Posts Tagged ‘Forrester’

Social Media Marketing – fastest growing marketing segment

July 8th, 2009

According to the latest report from Forrester, Social Media Marketing will hit an annual spend of $3.1 Billion by 2014, making it the fastest growing marketing segment in the mix.  Analyst Shar VanBoskirk makes a great point in the report summary:

…the most interesting takeaway from the research is that overall advertising budgets will decline.  Yep.  With dollars moving out of traditional media toward less expensive and more efficient interactive tools, marketers will actually need less money to accomplish their current advertising goals.

There must be some wood behind this social media arrow….I’m just sayin’…

Social Media , ,

Sponsored conversations – I think they work

March 5th, 2009

Being a marketer that works for a very large technology corporation, Intel, part of my job is to identify places where conversations about our products and technologies are happening.  In my opinion (disclaimer: not to be mistaken as the overall opinion of Intel as a corporation), there are several ways to intersect those conversations, effectively.  My goal is to always ‘listen’ first.  What are people saying about our products, our technologies, and our importance to their lives.  That’s an important point.  It provides you with the very tenor of the conversation and sets the tone for if, when, and how you participate in their conversation.  I believe, as a ‘guest’ to their watercooler discussion, we join the conversation on their terms and have a responsibility to be informative, helpful, and most importantly – not disruptive.  In the last several years, we have done this with a high degree of success – and they have all been paid sponsorships of conversations in specific communities, such as Slashdot and Arstechnica.  I’ve had several conversations with Jeremiah Owyang of Forrester about this very topic.  You can find his perspective here.  Moving forward, I believe we find a balance between paid conversations and also enabling our workforce to speak effectively about the products and technologies we market on their own, unpaid, personal social media efforts.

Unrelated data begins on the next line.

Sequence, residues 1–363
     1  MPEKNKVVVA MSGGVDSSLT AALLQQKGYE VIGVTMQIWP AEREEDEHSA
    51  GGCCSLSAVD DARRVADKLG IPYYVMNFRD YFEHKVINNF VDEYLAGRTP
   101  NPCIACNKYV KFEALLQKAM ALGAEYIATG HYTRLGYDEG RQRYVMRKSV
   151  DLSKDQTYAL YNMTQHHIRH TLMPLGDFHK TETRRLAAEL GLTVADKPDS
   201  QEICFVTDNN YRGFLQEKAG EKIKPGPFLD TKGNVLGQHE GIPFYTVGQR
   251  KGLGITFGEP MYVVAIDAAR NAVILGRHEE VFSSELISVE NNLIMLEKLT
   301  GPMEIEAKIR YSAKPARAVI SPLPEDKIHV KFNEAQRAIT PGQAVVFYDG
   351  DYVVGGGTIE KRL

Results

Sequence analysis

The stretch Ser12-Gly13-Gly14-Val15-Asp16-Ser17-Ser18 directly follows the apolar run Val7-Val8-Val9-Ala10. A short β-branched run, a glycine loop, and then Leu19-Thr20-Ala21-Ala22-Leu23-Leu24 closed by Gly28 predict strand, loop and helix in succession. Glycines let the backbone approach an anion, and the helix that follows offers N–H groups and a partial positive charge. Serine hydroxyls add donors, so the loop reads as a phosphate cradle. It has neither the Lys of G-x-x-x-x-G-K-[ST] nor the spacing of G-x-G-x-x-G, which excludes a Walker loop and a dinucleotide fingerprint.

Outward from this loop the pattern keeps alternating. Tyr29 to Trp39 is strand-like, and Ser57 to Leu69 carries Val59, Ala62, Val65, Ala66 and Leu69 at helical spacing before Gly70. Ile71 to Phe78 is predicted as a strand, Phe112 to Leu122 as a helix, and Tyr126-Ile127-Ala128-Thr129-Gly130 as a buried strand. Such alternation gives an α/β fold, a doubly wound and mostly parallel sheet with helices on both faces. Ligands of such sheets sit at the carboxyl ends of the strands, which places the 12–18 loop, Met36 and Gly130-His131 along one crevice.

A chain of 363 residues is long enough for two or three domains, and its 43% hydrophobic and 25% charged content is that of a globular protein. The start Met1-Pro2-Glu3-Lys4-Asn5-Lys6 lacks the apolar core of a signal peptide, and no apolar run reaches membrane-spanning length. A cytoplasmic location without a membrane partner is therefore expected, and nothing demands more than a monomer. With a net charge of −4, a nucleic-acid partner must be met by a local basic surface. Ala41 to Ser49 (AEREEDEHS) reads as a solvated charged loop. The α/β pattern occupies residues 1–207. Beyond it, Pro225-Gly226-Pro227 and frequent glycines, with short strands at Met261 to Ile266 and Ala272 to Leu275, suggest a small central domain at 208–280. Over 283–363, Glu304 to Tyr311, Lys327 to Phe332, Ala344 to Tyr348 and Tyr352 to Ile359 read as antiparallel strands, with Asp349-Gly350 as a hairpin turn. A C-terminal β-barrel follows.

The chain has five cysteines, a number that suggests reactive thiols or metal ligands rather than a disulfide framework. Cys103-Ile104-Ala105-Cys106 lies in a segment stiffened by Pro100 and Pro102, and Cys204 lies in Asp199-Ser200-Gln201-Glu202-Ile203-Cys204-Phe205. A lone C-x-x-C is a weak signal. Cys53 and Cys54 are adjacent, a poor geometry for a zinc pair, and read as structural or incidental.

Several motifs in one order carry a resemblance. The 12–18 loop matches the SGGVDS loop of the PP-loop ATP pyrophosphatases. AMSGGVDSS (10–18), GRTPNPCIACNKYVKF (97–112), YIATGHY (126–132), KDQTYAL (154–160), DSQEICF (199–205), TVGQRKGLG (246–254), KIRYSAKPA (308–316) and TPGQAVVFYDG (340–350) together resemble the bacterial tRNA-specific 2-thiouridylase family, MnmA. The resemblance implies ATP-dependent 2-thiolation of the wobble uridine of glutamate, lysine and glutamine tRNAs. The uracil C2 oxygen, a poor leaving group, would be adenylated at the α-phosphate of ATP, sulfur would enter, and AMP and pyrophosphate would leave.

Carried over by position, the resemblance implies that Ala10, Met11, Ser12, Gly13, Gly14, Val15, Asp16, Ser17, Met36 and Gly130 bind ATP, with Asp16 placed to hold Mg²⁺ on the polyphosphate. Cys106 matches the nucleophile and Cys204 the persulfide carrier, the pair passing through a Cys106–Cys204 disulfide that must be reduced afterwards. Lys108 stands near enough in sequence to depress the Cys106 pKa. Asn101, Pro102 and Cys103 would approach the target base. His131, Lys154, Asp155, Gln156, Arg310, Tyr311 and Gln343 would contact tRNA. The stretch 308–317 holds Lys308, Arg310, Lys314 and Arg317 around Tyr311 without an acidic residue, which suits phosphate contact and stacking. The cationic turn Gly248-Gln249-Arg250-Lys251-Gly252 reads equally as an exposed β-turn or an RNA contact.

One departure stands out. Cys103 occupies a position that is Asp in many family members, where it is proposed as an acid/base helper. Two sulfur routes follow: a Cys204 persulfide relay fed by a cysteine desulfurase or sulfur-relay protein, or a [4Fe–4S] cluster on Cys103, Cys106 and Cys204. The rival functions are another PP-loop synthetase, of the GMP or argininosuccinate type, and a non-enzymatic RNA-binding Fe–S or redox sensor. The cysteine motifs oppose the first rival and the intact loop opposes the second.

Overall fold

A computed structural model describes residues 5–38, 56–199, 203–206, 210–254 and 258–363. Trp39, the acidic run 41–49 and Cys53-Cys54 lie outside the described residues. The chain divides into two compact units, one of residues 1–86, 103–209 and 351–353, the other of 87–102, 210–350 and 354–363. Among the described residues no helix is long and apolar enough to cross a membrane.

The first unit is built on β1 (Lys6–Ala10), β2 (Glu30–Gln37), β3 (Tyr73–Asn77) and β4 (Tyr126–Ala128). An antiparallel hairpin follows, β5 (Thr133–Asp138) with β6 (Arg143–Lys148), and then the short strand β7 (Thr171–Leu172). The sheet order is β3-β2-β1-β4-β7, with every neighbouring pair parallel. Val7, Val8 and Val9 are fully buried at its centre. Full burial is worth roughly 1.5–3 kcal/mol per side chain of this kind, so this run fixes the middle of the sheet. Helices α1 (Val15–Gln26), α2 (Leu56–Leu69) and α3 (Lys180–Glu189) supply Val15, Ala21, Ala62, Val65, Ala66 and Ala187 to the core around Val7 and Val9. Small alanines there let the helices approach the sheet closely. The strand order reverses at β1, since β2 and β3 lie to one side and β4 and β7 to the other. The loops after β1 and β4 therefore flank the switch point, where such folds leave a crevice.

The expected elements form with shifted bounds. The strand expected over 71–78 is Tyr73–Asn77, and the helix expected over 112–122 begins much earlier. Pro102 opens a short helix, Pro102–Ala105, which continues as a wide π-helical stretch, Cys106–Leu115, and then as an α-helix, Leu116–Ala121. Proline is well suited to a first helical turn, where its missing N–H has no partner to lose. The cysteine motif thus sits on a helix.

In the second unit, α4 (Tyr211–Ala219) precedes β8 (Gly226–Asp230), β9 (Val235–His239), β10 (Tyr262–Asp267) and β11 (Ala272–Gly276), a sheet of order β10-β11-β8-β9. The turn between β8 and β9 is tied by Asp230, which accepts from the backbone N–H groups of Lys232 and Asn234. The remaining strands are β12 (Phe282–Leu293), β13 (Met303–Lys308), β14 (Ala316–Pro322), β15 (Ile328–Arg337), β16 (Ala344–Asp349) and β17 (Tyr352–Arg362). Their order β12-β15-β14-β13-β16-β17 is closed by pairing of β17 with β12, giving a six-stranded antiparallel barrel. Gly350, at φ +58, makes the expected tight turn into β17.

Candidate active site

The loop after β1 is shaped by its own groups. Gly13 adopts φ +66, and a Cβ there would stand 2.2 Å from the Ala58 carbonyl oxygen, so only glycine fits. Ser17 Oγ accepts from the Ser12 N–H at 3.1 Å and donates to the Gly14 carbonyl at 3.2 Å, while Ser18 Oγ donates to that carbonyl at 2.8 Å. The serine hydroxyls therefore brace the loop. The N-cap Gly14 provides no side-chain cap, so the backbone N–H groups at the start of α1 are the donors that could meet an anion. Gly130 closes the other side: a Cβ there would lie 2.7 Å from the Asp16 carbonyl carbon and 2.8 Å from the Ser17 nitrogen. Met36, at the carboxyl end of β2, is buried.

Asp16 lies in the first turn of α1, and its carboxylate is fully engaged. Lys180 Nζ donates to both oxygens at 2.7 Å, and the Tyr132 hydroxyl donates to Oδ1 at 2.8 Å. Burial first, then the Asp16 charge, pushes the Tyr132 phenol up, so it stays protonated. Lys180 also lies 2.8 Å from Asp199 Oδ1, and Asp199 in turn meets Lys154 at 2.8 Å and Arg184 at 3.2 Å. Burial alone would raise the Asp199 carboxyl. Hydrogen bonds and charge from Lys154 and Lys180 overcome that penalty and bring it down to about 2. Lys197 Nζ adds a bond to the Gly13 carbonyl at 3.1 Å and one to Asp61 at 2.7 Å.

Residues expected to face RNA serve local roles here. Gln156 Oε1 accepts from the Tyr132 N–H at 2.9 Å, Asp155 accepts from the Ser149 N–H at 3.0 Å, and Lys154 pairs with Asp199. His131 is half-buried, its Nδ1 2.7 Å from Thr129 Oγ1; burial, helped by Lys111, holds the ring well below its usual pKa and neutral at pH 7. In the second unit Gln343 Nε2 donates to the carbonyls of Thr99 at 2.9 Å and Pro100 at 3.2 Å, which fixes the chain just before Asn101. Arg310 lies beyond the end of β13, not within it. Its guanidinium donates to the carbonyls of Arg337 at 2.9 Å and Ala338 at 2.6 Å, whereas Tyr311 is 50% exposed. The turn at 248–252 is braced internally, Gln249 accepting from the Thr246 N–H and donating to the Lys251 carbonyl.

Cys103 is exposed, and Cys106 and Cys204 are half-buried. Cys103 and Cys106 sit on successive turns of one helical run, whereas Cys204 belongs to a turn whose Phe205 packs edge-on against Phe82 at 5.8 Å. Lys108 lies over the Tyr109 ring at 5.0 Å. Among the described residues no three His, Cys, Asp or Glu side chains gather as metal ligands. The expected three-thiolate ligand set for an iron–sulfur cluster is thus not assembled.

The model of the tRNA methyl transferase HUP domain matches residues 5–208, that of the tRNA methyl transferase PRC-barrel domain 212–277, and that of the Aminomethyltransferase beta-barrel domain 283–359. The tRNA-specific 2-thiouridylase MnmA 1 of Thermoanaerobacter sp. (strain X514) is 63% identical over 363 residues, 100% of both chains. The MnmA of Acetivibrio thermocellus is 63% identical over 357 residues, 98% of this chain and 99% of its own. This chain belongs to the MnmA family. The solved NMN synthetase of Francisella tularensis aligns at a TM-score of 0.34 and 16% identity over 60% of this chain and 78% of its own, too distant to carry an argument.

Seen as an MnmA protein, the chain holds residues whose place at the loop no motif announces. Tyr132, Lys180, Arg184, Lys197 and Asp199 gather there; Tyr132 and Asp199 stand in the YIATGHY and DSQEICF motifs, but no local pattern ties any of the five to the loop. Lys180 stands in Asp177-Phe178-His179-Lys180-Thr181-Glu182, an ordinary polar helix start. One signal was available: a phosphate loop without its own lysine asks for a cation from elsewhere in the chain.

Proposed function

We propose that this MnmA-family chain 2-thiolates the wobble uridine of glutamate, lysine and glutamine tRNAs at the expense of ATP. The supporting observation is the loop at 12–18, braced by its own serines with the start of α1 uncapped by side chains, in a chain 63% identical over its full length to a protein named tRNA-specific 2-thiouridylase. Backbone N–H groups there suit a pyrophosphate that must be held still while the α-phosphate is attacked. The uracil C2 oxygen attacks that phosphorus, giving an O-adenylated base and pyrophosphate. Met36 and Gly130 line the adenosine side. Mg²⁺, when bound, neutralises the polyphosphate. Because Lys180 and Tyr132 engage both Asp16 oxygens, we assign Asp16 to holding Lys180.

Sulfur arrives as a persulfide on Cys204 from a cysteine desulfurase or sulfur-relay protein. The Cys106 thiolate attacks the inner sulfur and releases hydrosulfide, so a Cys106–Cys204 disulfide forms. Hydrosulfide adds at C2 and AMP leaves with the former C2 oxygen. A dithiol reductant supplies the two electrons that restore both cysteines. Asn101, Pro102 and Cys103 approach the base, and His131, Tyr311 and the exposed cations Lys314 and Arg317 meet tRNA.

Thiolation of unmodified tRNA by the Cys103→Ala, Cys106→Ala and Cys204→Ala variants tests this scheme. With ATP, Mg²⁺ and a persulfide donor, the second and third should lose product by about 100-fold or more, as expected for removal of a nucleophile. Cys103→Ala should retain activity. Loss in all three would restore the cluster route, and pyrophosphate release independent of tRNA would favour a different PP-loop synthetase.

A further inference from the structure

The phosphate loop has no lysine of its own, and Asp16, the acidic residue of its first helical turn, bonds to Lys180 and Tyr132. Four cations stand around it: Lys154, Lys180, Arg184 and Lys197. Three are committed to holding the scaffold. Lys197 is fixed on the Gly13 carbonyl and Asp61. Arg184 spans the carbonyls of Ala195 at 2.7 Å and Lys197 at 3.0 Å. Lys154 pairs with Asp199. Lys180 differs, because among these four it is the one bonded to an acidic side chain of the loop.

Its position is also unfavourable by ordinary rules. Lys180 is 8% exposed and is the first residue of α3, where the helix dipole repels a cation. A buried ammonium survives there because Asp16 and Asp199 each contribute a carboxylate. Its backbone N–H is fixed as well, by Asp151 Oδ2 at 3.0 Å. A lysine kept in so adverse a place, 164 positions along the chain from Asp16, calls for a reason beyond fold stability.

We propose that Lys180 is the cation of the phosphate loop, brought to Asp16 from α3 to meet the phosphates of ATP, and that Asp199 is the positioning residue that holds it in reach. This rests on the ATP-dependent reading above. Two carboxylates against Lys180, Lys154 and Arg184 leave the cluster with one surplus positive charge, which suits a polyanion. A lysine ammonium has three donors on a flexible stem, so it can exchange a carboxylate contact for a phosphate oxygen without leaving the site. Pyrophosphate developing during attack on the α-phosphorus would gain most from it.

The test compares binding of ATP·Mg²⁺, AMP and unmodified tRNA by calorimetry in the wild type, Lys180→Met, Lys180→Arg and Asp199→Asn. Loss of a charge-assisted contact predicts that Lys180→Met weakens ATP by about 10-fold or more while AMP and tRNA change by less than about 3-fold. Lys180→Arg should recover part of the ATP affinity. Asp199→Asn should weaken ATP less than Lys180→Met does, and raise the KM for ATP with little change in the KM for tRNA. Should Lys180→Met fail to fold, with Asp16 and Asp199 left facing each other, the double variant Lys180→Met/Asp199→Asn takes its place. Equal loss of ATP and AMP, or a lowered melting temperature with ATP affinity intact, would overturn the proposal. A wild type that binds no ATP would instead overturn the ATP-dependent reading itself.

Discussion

Intel, Social Media , , ,